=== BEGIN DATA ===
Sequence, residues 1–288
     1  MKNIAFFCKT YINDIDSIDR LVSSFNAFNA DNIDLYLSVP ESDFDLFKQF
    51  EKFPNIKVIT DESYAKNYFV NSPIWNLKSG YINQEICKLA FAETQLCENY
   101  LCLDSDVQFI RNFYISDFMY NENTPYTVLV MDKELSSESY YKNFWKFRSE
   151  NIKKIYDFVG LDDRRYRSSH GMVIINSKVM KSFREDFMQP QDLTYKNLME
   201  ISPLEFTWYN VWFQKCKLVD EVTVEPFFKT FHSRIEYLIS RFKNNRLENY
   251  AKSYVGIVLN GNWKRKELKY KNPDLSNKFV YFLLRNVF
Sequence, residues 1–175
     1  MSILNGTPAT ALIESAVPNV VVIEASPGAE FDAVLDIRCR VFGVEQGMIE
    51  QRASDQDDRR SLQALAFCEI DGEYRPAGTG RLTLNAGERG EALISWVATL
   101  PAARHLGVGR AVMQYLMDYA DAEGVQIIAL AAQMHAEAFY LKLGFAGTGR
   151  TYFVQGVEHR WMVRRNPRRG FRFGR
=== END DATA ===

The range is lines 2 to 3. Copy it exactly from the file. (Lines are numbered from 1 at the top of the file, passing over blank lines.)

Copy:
     1  MKNIAFFCKT YINDIDSIDR LVSSFNAFNA DNIDLYLSVP ESDFDLFKQF
    51  EKFPNIKVIT DESYAKNYFV NSPIWNLKSG YINQEICKLA FAETQLCENY